Formations lesson for July 22: Forgiving Self
July 6 2001 by F. Calvin Parker , Exodus 34:6-7; John 21:15-17; Matthew 27:3-5

Formations lesson for July 22: Forgiving Self | Friday, July 6, 2001

Friday, July 6, 2001

Formations lesson for July 22: Forgiving Self

By F. Calvin Parker Exodus 34:6-7; John 21:15-17; Matthew 27:3-5 Some Christians argue that forgiving self is a false notion based on humanistic psychology and not on the Bible. One Baptist pastor calls self-forgiveness a "phantom." If we forgive others and accept God's forgiveness, he says, there is no need to forgive ourselves even if we wrongly assume that it can be done. Lewis B. Smedes disagrees. In The Art of Forgiveness, he wrote that solitaire forgiving makes sense because we humans have the unique power to transcend ourselves. "We lie to ourselves. We congratulate ourselves. We enjoy ourselves. We blame ourselves. Why should we not forgive ourselves?"

Smedes also said, "the line between feeling forgiven and forgiving ourselves is so thin that we can seldom tell for sure when we have crossed it." He sees no point in trying to keep the two distinct. Nor do I. When God forgives my sins, they are fully forgiven. But often I choose between two options that are both good, neither sinful, and then wish that I had chosen the other. That is when I need to forgive myself. I berate myself needlessly and far too long.

The Character of God (Exodus 34:6-7) We should forgive ourselves because God forgives us. As this passage teaches, it is God's nature to forgive. His character is one of infinite grace. Notice the catalogue of offenses that God pardons. Iniquity is an offense committed from an evil disposition. Transgression is an act of rebellion against God. Sin is missing the mark, falling short of God's requirements. But even though God forgives all these offenses, they have evil consequences that affect our children and grandchildren. Likewise, forgiving self does not obliterate the wrong we have done.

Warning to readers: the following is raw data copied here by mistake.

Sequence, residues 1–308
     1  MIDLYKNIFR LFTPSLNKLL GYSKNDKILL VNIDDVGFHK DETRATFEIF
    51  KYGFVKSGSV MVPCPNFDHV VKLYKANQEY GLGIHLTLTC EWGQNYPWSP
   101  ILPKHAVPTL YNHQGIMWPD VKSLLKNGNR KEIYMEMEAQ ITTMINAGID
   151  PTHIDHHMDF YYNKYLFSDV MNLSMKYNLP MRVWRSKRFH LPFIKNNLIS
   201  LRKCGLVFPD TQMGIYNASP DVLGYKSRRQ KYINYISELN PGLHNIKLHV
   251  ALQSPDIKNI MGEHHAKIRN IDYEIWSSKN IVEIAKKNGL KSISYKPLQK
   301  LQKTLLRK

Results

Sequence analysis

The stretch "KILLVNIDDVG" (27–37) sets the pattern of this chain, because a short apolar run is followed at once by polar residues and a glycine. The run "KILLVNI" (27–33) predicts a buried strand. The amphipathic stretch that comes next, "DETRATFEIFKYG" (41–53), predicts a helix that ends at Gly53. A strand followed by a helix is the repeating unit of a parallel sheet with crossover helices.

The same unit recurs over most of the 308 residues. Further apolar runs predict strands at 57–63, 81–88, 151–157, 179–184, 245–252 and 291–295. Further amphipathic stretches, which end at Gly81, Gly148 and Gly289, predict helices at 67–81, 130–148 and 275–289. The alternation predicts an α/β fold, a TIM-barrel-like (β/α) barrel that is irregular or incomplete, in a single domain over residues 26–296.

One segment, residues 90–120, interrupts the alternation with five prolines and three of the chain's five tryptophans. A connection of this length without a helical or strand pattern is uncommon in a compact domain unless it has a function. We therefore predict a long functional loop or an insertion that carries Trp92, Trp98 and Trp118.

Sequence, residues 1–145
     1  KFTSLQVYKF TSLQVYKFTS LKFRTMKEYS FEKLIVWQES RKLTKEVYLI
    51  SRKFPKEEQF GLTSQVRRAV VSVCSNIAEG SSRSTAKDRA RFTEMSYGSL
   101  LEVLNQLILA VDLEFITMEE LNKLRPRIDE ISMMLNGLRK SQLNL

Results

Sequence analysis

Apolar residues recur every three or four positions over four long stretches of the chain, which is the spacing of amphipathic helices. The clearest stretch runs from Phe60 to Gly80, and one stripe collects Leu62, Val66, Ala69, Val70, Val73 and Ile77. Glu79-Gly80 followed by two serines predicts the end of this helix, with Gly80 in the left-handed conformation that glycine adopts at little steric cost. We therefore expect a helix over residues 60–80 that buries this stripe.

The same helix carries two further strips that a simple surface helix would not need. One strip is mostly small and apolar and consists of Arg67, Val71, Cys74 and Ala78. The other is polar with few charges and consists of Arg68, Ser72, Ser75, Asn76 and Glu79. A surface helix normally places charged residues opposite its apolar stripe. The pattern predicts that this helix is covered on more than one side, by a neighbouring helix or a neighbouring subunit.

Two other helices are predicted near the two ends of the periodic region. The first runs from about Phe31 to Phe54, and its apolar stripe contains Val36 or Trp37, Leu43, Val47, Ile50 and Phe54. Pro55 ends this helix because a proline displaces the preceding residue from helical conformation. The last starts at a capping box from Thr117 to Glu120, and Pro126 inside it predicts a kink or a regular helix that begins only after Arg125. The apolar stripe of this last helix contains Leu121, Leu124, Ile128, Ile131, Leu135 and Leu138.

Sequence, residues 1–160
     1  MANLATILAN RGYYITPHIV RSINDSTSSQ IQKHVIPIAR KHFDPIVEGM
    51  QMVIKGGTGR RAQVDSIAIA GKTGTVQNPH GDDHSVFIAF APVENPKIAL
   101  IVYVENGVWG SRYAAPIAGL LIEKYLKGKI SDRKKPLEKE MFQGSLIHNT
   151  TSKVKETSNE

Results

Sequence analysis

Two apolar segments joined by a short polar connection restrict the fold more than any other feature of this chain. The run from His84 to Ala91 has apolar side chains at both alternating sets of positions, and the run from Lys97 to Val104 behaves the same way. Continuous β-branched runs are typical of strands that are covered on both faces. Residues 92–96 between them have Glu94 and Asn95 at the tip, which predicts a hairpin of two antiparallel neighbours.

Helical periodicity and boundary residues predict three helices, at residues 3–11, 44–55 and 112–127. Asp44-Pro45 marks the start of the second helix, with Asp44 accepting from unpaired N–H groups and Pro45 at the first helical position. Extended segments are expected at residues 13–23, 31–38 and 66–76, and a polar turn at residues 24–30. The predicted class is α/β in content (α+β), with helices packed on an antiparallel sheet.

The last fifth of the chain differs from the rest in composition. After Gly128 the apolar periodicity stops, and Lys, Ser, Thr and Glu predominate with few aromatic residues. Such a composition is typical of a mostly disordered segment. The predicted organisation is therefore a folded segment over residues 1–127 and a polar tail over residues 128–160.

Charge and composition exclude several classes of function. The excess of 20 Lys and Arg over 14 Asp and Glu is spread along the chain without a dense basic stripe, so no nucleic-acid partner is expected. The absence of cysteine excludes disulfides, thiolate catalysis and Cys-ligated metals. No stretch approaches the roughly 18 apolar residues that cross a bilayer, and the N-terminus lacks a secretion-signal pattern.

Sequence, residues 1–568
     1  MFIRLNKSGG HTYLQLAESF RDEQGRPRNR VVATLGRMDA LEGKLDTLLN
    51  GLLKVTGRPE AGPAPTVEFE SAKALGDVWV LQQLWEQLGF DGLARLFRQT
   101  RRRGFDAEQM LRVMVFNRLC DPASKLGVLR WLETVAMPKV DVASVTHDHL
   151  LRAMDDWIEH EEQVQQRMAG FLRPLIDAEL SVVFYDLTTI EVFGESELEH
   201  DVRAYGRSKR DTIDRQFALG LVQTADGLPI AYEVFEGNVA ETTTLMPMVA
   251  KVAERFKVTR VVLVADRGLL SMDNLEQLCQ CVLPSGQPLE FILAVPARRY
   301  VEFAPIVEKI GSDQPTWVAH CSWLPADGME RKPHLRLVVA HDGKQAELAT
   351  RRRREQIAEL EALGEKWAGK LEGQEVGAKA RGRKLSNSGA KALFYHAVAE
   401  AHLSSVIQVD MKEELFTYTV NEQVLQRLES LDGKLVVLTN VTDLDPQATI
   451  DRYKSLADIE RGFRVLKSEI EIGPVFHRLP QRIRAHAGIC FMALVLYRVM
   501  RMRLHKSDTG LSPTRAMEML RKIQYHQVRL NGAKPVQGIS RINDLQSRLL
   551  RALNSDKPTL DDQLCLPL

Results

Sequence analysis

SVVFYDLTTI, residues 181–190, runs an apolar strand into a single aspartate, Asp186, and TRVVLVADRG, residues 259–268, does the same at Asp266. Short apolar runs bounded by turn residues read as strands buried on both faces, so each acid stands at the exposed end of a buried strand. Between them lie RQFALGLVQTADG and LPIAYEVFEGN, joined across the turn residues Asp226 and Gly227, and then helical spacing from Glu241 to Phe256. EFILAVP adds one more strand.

The example of Peter (John 21:15-17) Peter has denied his Lord three times. In this passage Jesus elicits from Peter a threefold affirmation of his love. The questions and answers are subject to various interpretations, as detailed in the better commentaries on the Gospel of John. But it is clear that Jesus restores Peter to his place of leadership and commissions him to act as a pastor to the flock.

"Do you love me?" was no doubt painful to hear. Peter had wept after denying Jesus, but in this encounter he was forced to examine his heart in greater depth. Could he forgive himself for so enormous a sin? Being commissioned afresh must have assured him that he was forgiven by the Master. His subsequent ministry bore this out.

The example of Judas (Matthew 27:3-5) The case of Judas is as mysterious as it is sad. Betraying Jesus is worse than denying Jesus, but not so much worse that it is unforgivable. Judas showed remorse no less than Peter: "I have sinned by betraying innocent blood." Yet how different the outcome. As one writer expressed it, Peter put a handkerchief to his eyes; Judas put a rope around his neck. Could Judas not seek God's forgiveness? Could he not forgive himself?

During World War II, Japan missionary Elizabeth Watkins obtained a teaching position at the Gila River Relocation Center in Arizona, where thousands of Japanese-Americans were interned. She persuaded her 79-year-old mother, Lizzie, to accompany her to the camp and live with her there. Lizzie did well during the summer months, but fell ill in the autumn when the desert temperatures dropped sharply at night. She was not entitled to use the camp's medical facilities, and her daughter had too heavy a schedule to be of much help. When at last Elizabeth took her mother to a hospital 22 miles away, it was too late to save her life. Lizzie died of pneumonia.

Elizabeth brought her mother home to Spartanburg by train, riding with the corpse in the baggage car. She was plagued with a sense of guilt. Lizzie would still be alive, Elizabeth told herself, if a headstrong daughter had not taken her to the desert and neglected her needs. Feelings of shame flooded her soul. Elizabeth came down with the shingles, as though incurring God's wrath. Forgiving herself took a long, long time. It was one of the hardest things she ever had to do.

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7/6/2001 12:00:00 AM by F. Calvin Parker , Exodus 34:6-7; John 21:15-17; Matthew 27:3-5 | with 0 comments
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